Automated Seizure Detection Following Nerve Agent Exposure

Award Information
Agency:
Department of Health and Human Services
Branch
n/a
Amount:
$2,072,779.00
Award Year:
2006
Program:
SBIR
Phase:
Phase I
Contract:
1U44NS057966-01
Award Id:
80205
Agency Tracking Number:
NS057966
Solicitation Year:
n/a
Solicitation Topic Code:
n/a
Solicitation Number:
n/a
Small Business Information
INFINITE BIOMEDICAL TECHNOLOGIES, LLC, 3600 CLIPPER MILL ROAD #410, BALTIMORE, MD, 21211
Hubzone Owned:
N
Minority Owned:
N
Woman Owned:
N
Duns:
n/a
Principal Investigator:
DAVID SHERMAN
(410) 889-8011
david@i-biomed.com
Business Contact:
(410) 889-8011
Research Institute:
n/a
Abstract
DESCRIPTION (provided by applicant): Seizures following a nerve agent (NA) attack induce a time-critical emergency which can lead to sudden death or severe morbidity. Survival is dependent upon early and aggressive therapy. Seizures may not be evident from physical examination, and emergency personnel typically cannot interpret the electroencephalogram. Thus, as noted in the RFA, there is a pressing need for automated EEG interpretation and detection of epileptiform activity. In order to respond to this need, we assembled an interdisciplinary team from Infinite Biomedical Technologies, LLC, the United States Army Medical Research Institute of Chemical Defense (USAMRICD), and the Johns Hopkins School of Medicine. Together, the team has broad experience with NA-induced neuropathology, clinical management of seizures, quantitative neurodiagnostics, and hardware design. Based on this experience, we propose the development of a portable system for automated seizure detection. It includes a wireless headband and a handheld device which features a Chemical Seizure Vector (CSV) algorithm. The CSV is a "digital fingerprint" based on 5 spectral and temporal analyses specifically selected to recognize seizure morphology. This combinatorial method creates a 5-dimensional vector to reliably classify and discriminate seizure waveforms. Noise-reduction and artifact rejection are incorporated both at the level of the individual algorithm and upon simultaneous consideration of the individual analyses in 5-dimensional space. During Phase I we will evaluate the ability of CSV to detect the presence of seizures. Given that it is not feasible to study nerve agent exposure in patients, we will employ two complementary models. First, we will use an established primate model which incorporates exposure to a nerve agent. Second, we will use a human model involving seizure patients of a non-NA-associated etiology. We will investigate the performance of the individual component algorithms and the combined CSV using Receiver Operator Characteristic (ROC) curves. The primary milestone for Phase I is creation of an optimal chemical seizure detection algorithm based on the analysis of the ROCs. Phase II of this Fast-track application involves further refinement of CSV to produce a three-level indicator. We will discriminate seizures (RED) from peri-ictal activity (YELLOW) and the normal EEG (GREEN). CSV will be tested in a prospective evaluation in the primate model and in human seizure patients. The technology will be packaged into a system which features a self-adhesive electrode headband and a handheld device. Finally, the entire system will be validated in a realistic setting during live chemical emergency drills. Nerve agent exposures are a serious threat and can cause brain injury and death. We will develop an automated system to diagnose EEG seizure activity in the brain to help care for attack victims.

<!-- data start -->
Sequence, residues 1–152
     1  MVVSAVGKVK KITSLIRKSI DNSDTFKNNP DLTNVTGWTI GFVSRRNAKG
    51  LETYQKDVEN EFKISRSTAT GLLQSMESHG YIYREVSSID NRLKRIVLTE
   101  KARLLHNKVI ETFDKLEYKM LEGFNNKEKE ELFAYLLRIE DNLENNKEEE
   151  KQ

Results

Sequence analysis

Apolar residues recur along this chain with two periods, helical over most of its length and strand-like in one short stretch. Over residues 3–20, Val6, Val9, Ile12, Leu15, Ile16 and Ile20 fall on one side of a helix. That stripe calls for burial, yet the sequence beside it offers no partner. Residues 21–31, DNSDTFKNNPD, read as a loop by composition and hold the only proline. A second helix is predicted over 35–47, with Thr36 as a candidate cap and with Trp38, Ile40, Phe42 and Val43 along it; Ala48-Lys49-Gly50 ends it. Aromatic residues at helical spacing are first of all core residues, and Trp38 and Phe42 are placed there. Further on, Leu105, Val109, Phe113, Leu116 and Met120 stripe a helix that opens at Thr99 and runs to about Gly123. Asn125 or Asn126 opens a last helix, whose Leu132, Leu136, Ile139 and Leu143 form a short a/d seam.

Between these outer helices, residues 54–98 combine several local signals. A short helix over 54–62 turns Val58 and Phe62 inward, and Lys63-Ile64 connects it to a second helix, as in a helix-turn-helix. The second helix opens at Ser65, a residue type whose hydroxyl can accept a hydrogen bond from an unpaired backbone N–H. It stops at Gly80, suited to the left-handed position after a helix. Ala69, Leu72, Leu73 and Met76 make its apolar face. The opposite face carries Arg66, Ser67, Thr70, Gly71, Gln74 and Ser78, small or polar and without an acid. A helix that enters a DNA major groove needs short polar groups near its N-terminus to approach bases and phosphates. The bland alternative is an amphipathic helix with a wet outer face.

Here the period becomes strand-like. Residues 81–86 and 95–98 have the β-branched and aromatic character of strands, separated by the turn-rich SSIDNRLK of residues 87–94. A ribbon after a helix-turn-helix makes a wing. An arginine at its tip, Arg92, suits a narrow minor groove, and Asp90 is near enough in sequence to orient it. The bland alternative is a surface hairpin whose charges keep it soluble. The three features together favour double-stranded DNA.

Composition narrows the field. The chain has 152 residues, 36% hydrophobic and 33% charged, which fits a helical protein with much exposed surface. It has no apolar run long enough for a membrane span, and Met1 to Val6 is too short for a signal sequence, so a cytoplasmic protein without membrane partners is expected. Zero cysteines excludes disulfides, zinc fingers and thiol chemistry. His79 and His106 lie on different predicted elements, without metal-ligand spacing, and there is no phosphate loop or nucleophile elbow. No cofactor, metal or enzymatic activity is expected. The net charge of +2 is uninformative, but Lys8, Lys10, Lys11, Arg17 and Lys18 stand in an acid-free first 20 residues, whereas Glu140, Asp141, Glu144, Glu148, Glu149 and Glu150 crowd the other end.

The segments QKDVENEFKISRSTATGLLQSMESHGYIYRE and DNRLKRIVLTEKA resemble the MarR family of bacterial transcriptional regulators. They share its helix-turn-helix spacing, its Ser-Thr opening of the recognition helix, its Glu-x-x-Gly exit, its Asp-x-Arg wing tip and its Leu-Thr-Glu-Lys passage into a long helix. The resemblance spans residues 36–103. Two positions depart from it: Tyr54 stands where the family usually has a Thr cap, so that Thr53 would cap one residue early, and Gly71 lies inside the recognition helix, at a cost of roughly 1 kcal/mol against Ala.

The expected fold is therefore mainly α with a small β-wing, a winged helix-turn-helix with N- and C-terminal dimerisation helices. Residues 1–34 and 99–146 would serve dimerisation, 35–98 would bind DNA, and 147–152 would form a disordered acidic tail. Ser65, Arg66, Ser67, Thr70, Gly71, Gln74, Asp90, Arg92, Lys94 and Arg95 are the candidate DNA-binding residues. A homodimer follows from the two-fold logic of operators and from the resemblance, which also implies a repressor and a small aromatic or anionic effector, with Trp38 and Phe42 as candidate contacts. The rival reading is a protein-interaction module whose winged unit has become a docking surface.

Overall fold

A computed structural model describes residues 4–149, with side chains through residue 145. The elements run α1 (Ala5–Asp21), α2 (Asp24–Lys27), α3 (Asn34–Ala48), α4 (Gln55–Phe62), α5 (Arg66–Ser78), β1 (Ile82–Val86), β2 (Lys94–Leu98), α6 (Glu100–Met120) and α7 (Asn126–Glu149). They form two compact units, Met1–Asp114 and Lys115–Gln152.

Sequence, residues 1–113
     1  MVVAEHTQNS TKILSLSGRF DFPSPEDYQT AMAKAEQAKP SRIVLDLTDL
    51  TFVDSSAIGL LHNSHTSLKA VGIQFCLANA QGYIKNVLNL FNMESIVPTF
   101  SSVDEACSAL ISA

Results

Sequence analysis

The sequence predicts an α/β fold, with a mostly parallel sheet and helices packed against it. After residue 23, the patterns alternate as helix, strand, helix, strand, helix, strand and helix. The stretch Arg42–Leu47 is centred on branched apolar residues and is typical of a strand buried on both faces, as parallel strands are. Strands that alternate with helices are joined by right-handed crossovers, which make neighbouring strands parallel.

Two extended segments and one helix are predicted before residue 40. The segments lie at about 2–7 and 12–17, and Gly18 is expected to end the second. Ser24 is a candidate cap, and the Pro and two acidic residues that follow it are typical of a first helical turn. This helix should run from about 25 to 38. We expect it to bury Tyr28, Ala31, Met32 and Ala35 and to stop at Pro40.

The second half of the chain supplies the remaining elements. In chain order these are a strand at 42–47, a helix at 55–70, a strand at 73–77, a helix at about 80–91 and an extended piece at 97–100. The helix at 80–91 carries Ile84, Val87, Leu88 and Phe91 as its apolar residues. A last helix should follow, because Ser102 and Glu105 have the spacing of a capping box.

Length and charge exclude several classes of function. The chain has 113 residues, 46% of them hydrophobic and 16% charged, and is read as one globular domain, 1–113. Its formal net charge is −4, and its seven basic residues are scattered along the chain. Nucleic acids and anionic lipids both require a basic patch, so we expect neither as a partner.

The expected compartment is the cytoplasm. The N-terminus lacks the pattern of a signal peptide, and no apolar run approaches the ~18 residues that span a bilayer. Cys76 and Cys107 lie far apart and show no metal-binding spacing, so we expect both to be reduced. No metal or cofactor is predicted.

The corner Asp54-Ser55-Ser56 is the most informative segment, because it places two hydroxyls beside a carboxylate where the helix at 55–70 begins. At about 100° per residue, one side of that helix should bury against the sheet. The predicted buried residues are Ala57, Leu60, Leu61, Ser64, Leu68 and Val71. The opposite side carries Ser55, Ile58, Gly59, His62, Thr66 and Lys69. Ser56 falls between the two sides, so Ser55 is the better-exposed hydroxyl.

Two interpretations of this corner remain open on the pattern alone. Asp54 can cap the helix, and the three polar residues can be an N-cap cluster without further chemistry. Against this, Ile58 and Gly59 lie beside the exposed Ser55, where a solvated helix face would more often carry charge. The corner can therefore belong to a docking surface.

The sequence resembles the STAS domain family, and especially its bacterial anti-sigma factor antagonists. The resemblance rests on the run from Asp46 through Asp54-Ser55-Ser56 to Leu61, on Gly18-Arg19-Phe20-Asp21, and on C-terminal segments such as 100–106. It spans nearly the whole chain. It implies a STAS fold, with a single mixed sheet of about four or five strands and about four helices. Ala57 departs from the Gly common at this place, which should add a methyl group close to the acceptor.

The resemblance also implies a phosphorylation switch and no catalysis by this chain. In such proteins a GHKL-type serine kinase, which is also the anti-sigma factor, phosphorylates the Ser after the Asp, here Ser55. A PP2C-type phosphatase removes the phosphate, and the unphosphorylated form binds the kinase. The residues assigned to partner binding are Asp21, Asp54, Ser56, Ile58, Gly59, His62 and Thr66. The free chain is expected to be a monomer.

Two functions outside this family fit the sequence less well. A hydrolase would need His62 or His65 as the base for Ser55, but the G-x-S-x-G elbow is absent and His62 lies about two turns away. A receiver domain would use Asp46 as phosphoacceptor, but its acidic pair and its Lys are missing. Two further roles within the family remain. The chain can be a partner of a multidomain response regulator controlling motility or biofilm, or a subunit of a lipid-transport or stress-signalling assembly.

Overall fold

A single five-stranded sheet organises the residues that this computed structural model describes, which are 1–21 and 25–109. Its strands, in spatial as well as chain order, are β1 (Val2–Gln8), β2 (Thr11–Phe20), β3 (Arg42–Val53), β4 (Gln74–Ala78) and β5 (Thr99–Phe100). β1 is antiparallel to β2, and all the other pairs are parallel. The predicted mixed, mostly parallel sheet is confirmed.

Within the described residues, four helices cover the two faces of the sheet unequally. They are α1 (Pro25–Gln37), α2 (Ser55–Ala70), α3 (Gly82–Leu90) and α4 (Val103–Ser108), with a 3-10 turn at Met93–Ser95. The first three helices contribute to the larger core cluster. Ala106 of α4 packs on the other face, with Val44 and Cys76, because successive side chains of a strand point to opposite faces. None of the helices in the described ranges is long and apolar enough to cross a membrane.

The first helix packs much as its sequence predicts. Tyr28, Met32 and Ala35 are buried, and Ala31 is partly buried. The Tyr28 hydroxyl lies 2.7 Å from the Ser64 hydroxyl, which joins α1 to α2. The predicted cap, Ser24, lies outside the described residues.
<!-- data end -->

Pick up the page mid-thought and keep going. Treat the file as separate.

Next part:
* information listed above is at the time of submission.

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